Hi all,

I want to plot the possible outcomes of tossing a fair coin for n times. If three times tossed then it should be like this graph:

Which package in Julia can make this kind of graph?

Hi all,

I want to plot the possible outcomes of tossing a fair coin for n times. If three times tossed then it should be like this graph:

Which package in Julia can make this kind of graph?

You could use GraphMakie.jl in the Makie or GraphRecipes.jl in the Plots ecosystem.

However I think using Julia plotting libraries makes the most sense when youâ€™re plotting data. Your example looks like you want to explain a concept with a curated graphic, for that Iâ€™d recommend to go for a tool like tikz or inkscape rather than a plotting lib.

1 Like

I want to use Julia so it can calculate the probability and the outcome sets too.

Tikz is possible to graph it, but how about the numerical part? if I want to toss a coin 10 times. Julia should be able to calculate it fast with another package right?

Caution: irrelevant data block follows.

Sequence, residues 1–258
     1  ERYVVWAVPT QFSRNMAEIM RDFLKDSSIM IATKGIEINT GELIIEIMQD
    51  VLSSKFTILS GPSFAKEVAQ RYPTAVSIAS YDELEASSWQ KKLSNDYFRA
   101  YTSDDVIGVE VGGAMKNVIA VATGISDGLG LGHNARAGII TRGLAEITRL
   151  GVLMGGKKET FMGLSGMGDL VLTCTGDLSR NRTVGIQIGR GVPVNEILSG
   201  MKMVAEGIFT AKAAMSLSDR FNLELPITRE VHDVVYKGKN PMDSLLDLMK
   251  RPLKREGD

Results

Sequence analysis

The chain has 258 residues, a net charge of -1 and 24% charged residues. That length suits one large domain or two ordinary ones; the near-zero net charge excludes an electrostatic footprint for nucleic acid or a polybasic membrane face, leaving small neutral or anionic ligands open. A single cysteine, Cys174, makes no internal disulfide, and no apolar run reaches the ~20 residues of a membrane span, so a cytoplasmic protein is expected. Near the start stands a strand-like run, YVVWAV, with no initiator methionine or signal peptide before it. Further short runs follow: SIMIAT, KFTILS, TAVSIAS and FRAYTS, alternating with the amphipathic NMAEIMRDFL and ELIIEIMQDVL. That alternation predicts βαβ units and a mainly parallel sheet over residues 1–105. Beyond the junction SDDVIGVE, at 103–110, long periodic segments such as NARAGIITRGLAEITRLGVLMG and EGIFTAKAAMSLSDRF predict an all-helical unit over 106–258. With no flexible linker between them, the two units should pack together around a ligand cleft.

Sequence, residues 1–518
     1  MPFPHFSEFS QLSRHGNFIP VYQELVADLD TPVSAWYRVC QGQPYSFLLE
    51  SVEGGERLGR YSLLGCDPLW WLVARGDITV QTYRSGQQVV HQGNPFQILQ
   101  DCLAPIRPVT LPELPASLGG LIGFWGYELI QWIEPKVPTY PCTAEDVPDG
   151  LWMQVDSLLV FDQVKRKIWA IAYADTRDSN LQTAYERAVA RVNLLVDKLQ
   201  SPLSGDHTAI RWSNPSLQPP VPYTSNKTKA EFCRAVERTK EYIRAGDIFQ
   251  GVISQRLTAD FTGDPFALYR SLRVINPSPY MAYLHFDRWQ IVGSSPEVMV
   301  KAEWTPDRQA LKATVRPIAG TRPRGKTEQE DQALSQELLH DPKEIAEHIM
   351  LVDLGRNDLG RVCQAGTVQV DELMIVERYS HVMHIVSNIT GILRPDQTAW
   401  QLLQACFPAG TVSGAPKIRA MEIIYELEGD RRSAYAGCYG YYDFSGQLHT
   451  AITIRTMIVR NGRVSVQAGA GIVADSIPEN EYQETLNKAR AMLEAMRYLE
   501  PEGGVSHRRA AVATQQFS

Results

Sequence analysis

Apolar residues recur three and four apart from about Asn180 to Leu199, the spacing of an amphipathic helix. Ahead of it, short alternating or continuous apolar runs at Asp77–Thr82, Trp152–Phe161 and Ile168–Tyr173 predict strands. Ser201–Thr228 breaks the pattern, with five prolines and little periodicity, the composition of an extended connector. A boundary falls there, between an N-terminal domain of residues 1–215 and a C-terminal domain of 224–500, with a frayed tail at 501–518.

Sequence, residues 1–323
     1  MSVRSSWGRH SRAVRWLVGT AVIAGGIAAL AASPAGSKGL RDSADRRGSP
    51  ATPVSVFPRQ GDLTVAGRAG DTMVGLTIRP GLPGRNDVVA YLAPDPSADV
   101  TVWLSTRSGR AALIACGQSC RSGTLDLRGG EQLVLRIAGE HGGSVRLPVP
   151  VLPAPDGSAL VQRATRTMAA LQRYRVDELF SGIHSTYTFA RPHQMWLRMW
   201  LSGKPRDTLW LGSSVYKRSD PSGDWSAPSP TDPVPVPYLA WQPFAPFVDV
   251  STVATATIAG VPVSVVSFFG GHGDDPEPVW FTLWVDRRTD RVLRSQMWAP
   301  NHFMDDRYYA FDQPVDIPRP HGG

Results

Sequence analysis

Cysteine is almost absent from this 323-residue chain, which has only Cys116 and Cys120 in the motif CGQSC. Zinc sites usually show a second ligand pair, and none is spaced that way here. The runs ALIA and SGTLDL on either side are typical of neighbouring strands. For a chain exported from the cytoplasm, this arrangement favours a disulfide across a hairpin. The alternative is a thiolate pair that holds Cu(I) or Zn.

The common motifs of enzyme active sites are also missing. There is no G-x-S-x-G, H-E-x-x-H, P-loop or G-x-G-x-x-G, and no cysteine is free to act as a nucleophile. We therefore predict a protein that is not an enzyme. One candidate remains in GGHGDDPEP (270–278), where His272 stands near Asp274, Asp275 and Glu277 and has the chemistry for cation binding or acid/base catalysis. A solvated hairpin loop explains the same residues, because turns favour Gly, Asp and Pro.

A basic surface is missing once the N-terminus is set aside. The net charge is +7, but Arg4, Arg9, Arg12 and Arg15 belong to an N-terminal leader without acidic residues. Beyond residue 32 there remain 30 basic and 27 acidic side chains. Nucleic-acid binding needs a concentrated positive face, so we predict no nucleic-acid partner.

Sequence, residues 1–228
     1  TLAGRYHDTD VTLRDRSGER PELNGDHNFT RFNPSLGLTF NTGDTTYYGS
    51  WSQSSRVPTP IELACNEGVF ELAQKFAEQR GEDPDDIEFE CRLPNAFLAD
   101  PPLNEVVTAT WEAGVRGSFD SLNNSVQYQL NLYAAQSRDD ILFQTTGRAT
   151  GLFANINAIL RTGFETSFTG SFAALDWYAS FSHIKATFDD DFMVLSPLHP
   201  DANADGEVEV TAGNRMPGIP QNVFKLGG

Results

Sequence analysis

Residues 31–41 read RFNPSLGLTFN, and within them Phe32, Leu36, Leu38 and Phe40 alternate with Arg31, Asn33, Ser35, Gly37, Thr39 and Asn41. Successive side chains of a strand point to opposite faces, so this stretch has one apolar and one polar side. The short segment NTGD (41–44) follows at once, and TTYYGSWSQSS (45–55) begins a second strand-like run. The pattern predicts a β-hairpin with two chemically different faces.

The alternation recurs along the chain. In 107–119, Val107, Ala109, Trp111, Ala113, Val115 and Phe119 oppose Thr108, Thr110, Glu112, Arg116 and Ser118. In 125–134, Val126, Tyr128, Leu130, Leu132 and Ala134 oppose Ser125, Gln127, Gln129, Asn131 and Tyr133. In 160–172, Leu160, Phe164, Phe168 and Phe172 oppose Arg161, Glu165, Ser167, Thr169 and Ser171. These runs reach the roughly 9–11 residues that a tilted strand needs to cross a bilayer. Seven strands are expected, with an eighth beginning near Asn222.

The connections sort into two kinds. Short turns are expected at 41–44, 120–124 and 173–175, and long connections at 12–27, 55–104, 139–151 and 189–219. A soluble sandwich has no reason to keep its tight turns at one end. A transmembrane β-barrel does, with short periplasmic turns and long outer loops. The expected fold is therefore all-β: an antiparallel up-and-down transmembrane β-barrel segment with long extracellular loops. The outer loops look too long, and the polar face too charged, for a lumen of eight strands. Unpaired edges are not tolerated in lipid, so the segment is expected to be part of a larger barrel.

Yes, if you want to visualize a specific sample it makes sense to use a plotting lib. I think you can get fine results using both mentioned packages.

In your original post the graphic includes all possible outcomes for 3 throws, without any â€śdynamicâ€ť data, which is why I suggested a more static approach.

1 Like

To get the probabilities, you can use the analytical expression:

```
P_k(n) = \choose{k}{n} \cdot \left(\frac{1}{2}\right)^n
```

or

```
probability(k, n) = nchoosek(n, k)*(1//2)^n
```

1 Like

I canâ€™t find the perfect sentences so people could understand what I want. If it is finish I will post it here.

Thanks for the reply!